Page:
How the coronavirus changed aid work
The health crisis and measures to curb the spread of the coronavirus have also changed the work of Finn Church Aid (FCA). Our actions include providing emergency aid, hygiene supplies and distance learning as well as awareness of the disease. The situation has also sparked new forms of work.
During the Covid-19 pandemic, everyone faces an unforeseen situation. How do children and youth continue learning during school closures, and how do parents earn a living to support their families when they are supposed to stay at home?
People all over the world have had to be resourceful. Whatsapp and Zoom have gained countless new users, and in some cases, people have found a new source of income by producing face masks.
Below, we compiled examples of our work in some of our programme countries during the pandemic.
During school closures, career counselling and guidance has gone online. Career counsellors trained by FCA teach on video, replacing contact teaching with clips about 10 to 15 minutes long. Teachers record the videos with their smartphones and share them with their pupils on Whatsapp, along with exercise material that learners can complete at home.
Using videos as a part of teaching is a new practice for schools in the provinces of Battambang and Banteay Meanchey, and the initiative allows career counselling to remain a part of the pupils’ weekly routine.
In Uganda, Finn Church Aid works at the two largest refugee settlements in the country. Bidibidi in northern Uganda and Kyaka in the southwest host more than a quarter of a million refugees.
Schools and refugees are provided with supplies such as soap, hand sanitisers, disinfectants, and buckets. Education continues through distance learning over the radio, and information is shared via SMS and using megaphones, as well as through sessions that adhere to safe distancing guidelines. Posters with information about the coronavirus and prevention measures are prominently displayed in the settlements.
The Covid-19 pandemic has caused many in Nepal to lose their livelihood. FCA responds to the crisis together with its partner organisations by delivering food and soap to 2,400 families.
The packages containing rice, lentils, oil, salt, sugar, and soap are handed out in the districts of Dadeldhura, Kailali, and Sindhuli. The response pays particular attention to pregnant and breastfeeding women, who are provided with additional protein-rich foods such as eggs and soy.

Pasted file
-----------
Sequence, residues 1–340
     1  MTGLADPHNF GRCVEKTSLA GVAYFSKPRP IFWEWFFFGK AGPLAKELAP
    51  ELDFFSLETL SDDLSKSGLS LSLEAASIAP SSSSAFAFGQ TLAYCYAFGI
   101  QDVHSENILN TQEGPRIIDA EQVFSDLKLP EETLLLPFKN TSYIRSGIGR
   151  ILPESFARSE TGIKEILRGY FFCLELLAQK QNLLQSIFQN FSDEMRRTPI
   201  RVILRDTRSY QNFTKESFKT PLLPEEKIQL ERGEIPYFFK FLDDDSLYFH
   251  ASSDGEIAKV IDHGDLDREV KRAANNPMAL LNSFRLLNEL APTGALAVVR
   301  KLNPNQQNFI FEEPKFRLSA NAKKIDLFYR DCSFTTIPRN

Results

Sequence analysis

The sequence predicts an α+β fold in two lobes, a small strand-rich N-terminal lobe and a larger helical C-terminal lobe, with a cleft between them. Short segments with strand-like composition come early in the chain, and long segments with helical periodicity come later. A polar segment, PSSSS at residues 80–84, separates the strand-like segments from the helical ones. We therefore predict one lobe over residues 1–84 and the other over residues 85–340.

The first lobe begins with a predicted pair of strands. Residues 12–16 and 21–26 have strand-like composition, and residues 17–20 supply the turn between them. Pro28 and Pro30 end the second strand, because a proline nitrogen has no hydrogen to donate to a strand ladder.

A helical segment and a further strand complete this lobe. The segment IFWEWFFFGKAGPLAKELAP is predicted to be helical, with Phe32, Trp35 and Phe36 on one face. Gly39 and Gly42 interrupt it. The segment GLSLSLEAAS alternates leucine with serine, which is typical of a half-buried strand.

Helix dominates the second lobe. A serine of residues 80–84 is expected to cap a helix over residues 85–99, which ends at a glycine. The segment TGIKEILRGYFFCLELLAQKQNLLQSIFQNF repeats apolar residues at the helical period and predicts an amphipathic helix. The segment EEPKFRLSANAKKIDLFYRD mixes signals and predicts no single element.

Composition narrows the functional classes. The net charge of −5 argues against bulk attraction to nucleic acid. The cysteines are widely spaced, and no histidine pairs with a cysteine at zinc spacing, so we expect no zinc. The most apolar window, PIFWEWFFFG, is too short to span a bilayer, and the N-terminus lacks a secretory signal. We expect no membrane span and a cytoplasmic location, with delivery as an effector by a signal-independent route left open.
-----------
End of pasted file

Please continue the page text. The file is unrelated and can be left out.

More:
Because of the Covid-19 pandemic, many garment factories in Myanmar are closed, which particularly impacts the livelihood of women. The demand for face masks is high as the government of Myanmar has encouraged the use of face masks at camps for internally displaced people. The cramped conditions of the camps make it easy for the virus to spread.
An FCA supported project in Rakhine State has trained women as craft workers. Now, the project is responding to the new situation by training the participants to produce face masks, which also gives people a responsible form of livelihood.
Finn Church Aid’s country office in Jordan managed to turn the corona situation into a new opportunity in its Women’s Bank project by moving the meetings of the women’s groups online. The meetings of the women’s savings and loan groups are held on the Zoom platform.
Online meetings were also appropriate during Ramadan when the women prefer to participate in their activities after sundown, once they are allowed to eat and drink again. Organising activities during Ramadan is usually a challenge because fasting takes its toll on the women.
FCA raises awareness on the coronavirus and ways to protect people from infection and supports distance learning via radio at the Kalobeyei refugee settlement, currently home to nearly 200,000 people.
Information on matters such as the importance of handwashing is shared in local languages via radio, SMS, posters and information sessions. Handwashing stations have been set up in the refugee settlements, and inhabitants have been provided with hygiene supplies such as soap and hand sanitiser.
FCA has handed out 500 solar-powered radios to learners in the area, enabling them to follow lectures. When no internet connection is available, radio is the most efficient way to carry out distance teaching.
In Somalia, FCA disseminates information on how to curb the spread of the coronavirus in Baidoa. The town hosts the second largest number of internally displaced people in the country, and FCA supports six schools in the area.
Schools are closed in Somalia, but with the help of school committees and teachers, FCA can reach about 3,200 pupils and their families. Experienced community workers assist with putting up posters in the school surroundings and carrying out information campaigns that guide people on matters such as hand hygiene. Families are provided with soap.
Once schools reopen in Somalia, FCA will continue its educational work by training teachers and pupils, setting up school hygiene clubs, and campaigning for a safe return to school.
Translation: Leena Vuolteenaho